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Quantified Sports Suffering in Buffalo vs. Cleveland: The Ultimate Battle!

Quantified Sports Suffering in Buffalo vs. Cleveland: The Ultimate Battle!

Buffalo and Cleveland could be twins. Their locations are similar, their histories are similar, their lifestyles, vital statistics, and living costs are all similar. Hell, the two even share their sports pain with each other, at least to such a point that fans in the two cities frequently root for each other’s teams unless their own teams are compromised in doing so. The sports fans in Buffalo and Cleveland have both suffered more than any fans in proximity to the Boston Red Sox or Chicago Cubs ever have. And yet, it’s Cleveland that seems to be getting all the publicity for how bad their fans have it, even though Buffalo arguably had it worse over the years. They’ve built such a brand name on hard losses that you wonder if any of the teams there really are interested in winning, just because a feel-good story would ruin the bad voodoo. Perhaps they think all the non-Clevelanders who follow Cleveland’s teams – and there are a ton of them, far more so than for any of the teams in Buffalo – would pat themselves on the back, compliment themselves for sticking it out, and bounce off to different teams.

A little movie called Draft Day was released this week. It’s about the GM of the Cleveland Browns and his fight for the year’s coveted draft pick, a guy who will uplift the city and its fans and relieve everyone of all their suffering. Buffalo has a small stake in this because Draft Day was dangerously close to revolving around the Buffalo Bills. After Cleveland stepped in and offered better incentives to Hollywood to make Draft Day about their football team, it was an instance of Buffalo getting nationally lowballed in accounts of its sports suffering yet again, and I asked myself: Which one of these cities really has it worse when it comes to professional sports? So let’s do this! Quantified sports suffering in Buffalo vs. Cleveland. One day, I’ll learn.

Past Glories
The thing about record books is that they’re there to preserve things. The histories of your sports teams are something you want to hold onto, because sports are part of popular culture, historical culture, and the entertainment industry. And once something happened to your sports team, it can’t be erased, and when a moment of real significance happens – whether it’s good or bad – it becomes something that helps define the team. This applies double to both championships and last-place finishes. When it comes to the defining moments of the past, Cleveland shines: Although the Browns never made the Super Bowl, they did win four NFL Championships which are their forever. If we extend the history back through the AAFC – which we should – that number is ramped up to eight, with the four titles Cleveland won in the four years the AAFC existed. (In the 1948 AAFC Championship, the Browns whomped the original Buffalo Bills 49-7.) Although the Browns stopped winning titles after the 60’s, they had plenty of huge moments after that, and they were also coached by one of football’s greatest innovators (Paul Brown) and fielded the greatest football player in history (Jim Brown). Of course, the original Browns are now the Baltimore Ravens, but for the sake of consistency, I’m going to play the same game with them the NFL does and pretend the team just “suspended operations” for two years and consider the brand new team the same team. In baseball, the Cleveland Indians won five Pennants and two World Series titles. Even a 1954 World Series loss became iconic to baseball lore when the Tribe became arguably the best team to ever lose the Series – they won 111 games that year; they were also one of Bill Veeck’s teams, and were the first AL team to integrate. The terminally bad Cavs even made a significant impact on the NBA when they drafted LeBron James, who became the league’s best player and took the Cavs to their only NBA Finals, an unwinnable series against an invincible San Antonio Spurs team. As for Buffalo, glory came in fleeting moments at its best. The AAFC Bills made the aforementioned title game in an otherwise resoundingly average existence before the AAFC/NFL merger stomped them out. The current Bills were one of the original AFL teams in 1959, and they reeled in dominant repeat championships in 1964 and 1965 and played in the game in 1966. The 1966 game is a big question mark among Bills fans regarding what could have been because winning it would have catapulted them into the first-ever Super Bowl (where they would have gotten trashed by Vince Lombardi’s Packers). After that, they experienced decency for a brief stretch in the 70’s with OJ Simpson, but were mostly terrible with an occasional average year thrown in to tease the fans. Even in the 80’s, when the Bills finally became legitimately good, they lost four straight Super Bowls. The Sabres have won three Conference Championships and one Presidents’ Trophy, but before today’s record losing became a problem with them, the Sabres made a habit of having a great season and watching it go to waste when the Boston Bruins would inevitably steal the division title and the Sabres would get knocked out of the first round of the playoffs. Buffalo’s strongest point right now is its lacrosse team, and while the city was once one of the richest and most important cities in the world, it somehow never had a professional major league baseball team – in fact it lost several bids for one.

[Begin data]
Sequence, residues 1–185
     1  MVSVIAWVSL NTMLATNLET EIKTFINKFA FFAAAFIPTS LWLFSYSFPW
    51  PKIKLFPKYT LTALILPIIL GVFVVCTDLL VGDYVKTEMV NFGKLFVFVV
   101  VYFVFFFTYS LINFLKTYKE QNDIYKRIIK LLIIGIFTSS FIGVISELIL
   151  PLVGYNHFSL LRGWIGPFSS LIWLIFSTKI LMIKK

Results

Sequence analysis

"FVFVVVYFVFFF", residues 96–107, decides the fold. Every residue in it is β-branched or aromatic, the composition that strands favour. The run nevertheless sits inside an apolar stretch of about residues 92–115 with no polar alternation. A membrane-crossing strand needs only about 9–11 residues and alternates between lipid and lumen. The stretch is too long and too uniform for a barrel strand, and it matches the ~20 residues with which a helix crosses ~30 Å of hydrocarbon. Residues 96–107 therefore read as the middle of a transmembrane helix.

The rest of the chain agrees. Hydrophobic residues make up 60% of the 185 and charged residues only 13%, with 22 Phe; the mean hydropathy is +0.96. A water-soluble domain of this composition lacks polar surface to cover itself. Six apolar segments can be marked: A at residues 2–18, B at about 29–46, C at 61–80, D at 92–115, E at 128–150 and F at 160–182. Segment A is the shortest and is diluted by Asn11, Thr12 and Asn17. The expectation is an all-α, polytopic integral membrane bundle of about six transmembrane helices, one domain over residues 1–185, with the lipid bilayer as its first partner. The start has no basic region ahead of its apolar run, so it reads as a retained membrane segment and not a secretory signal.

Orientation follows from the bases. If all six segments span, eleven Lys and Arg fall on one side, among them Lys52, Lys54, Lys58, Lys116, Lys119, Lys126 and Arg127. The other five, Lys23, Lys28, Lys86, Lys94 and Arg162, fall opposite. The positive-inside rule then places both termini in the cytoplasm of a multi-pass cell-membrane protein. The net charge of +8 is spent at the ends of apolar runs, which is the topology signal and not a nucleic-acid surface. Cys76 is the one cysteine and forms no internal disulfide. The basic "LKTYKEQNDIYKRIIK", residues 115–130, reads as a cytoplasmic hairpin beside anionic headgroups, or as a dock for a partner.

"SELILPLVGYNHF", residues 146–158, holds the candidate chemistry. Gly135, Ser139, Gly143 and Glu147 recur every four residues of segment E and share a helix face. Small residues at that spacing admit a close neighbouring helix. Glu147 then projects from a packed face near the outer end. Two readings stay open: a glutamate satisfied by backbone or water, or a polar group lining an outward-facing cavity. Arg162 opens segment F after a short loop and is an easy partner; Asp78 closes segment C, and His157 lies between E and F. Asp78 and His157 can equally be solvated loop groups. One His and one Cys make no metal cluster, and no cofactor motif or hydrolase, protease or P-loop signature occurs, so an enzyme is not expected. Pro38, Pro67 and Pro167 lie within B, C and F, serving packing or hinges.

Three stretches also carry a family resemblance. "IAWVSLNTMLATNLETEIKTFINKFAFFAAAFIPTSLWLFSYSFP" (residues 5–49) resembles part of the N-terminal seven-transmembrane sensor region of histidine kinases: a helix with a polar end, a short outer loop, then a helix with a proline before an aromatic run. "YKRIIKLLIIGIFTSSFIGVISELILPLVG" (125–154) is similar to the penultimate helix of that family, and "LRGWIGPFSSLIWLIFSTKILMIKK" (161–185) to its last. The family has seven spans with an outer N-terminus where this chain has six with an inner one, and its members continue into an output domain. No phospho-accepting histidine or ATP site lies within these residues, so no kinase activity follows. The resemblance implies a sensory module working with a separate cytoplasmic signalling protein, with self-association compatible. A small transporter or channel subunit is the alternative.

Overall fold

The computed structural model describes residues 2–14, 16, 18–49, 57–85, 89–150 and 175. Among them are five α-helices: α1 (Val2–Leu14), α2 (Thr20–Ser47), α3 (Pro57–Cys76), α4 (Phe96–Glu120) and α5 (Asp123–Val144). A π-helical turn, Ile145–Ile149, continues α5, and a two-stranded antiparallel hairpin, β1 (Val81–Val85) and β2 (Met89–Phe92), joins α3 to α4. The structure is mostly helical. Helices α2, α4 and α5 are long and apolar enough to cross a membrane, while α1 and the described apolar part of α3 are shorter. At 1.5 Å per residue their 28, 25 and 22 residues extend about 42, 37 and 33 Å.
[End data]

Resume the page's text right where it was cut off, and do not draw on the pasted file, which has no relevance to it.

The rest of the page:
There are those who might argue that Cleveland should get this, since it fell so much further. But my thoughts about that argument were explained when I mentioned records. I’m not doing this by ignoring any parts of a team’s past just because it didn’t happen in my lifetime, and past glories beat no glories any day of the week. Therefore, Buffalo is the so-called winner here.

National Embarrassment